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Exploring the Tall Ships at Sail Boston

Konbanwa! (means good evening in Japanese).  This is Adam, Leia’s son from Japan. Ever since coming home I’ve been having some wild and interesting adventures in my attempts to break into the video game industry, but some of these adventures were outdoors and experiencing Boston.

Last week Boston had the honor of hosting Sail Boston, one of the world’s largest gathering of tall ships. (Up to 50 ships!)  A tall ship is a boat with a high mast and a traditional rig, and is known for its classic sails – the type you would often see in pirate films.  The tall ships visit Boston every 17 years for a week, and provide a rare opportunity for citizens to experience what some might consider a world “only in the movies.”  Seeing the ships and boarding them were free and for a small price you could sail around the harbor in one of the smaller ships.

For two days I wandered around the harbor in awe of the ships and tried to see what I could.  Even on weekdays it was crowded and just to board the smallest of ships, you could be waiting up to an hour in the hot sun.  According to news reports, Sail Boston drew in over 3 million people in a week, so you can imagine how crowded it was.  By the end, I only got to see 20% of the ships available due to the lines and how spread out the ships were across the harbor.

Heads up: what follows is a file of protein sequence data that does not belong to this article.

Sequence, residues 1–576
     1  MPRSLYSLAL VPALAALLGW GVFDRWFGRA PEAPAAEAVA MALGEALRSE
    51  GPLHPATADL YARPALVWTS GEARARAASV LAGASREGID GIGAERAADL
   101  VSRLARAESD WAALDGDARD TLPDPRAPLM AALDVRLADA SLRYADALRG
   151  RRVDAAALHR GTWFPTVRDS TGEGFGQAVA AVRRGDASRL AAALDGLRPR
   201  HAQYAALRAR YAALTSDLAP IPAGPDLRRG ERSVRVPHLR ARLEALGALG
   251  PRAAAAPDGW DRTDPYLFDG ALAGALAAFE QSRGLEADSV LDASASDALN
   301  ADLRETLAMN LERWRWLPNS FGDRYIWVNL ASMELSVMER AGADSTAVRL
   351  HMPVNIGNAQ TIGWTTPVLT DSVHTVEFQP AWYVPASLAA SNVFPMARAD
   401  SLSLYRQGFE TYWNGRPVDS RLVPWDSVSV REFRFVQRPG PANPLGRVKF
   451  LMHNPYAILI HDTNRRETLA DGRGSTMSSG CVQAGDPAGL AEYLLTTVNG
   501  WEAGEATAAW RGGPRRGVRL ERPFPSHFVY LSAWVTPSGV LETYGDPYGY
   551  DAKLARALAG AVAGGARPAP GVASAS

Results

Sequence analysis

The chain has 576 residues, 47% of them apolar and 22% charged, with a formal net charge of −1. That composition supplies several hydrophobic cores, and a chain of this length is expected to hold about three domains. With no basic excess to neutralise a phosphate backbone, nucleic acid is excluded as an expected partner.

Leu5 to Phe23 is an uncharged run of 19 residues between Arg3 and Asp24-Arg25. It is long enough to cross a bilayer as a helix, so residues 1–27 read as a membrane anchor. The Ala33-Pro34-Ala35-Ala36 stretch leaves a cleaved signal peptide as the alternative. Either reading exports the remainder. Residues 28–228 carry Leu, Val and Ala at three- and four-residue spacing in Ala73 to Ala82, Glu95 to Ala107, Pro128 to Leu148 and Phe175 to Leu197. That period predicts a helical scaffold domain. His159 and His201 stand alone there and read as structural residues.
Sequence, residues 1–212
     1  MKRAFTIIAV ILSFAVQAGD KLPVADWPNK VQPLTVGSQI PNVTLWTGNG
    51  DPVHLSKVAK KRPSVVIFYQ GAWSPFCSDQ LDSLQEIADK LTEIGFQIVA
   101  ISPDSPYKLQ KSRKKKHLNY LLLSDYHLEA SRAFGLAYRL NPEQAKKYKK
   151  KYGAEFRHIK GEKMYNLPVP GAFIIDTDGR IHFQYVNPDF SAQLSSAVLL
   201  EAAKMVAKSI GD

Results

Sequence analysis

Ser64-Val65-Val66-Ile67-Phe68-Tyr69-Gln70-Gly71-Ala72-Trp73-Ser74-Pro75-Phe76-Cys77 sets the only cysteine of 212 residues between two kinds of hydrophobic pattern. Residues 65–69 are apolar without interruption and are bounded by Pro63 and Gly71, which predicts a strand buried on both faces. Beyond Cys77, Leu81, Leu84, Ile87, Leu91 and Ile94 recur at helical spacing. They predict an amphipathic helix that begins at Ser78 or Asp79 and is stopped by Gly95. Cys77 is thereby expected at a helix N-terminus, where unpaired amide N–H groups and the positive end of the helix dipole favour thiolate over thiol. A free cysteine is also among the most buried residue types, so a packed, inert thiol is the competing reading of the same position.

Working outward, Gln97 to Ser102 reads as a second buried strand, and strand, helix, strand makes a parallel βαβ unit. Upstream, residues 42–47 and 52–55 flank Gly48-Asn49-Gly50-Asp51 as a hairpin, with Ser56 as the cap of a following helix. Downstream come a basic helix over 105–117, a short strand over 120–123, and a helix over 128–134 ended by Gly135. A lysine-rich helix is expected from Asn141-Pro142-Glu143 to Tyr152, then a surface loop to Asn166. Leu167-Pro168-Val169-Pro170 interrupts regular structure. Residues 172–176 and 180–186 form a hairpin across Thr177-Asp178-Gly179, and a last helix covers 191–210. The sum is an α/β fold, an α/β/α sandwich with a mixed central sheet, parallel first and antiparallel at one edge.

My favorite ship El Union from Peru. 

What I found interesting about the ships was the community and lifestyle of the sailors at sea.  These men and women bring medical supplies, educational tools, and goods to various ports and act in some ways as traders and volunteer workers to countries in need.  While exploring I noticed the crews were recruiting new members and raising money for their next year-long voyage across the sea.  If you’re interested you can apply online and offer to join their crew for a month or even a full year.  Depending on the season, you could also use the boat and crew for your vacation around the Bahamas and various islands.

If you’d like to sign up for one of these ships, you can apply here.

My favorite ship had to be the El Union from Peru, one of the largest ships present.  Although it was built in 2012, just walking around made me imagine a life at sea and flashed back memories of Peter Pan flying down from the masts to save Wendy and the Lost Boys.  El Union is used by the Peruvian navy as a training vessel for its cadets and as a center to show various countries cultural items from Peru.  While on board I took lots of photos and window shopped some of the local goods brought from abroad.

El Union in full sail.

This is my mom’s favorite ship: The Europa.  The night view was magical. 

The Europa from a different perspective.  

Sail Boston was a magnificent event whether you went in the daytime or night and I highly recommend you check it out if you’re in Boston or if you just so happen to be close by a place where the tall ships gather.  To see a list of all the ships that participated, check out our Sail Boston – themed puzzle over at Mind Massage #6.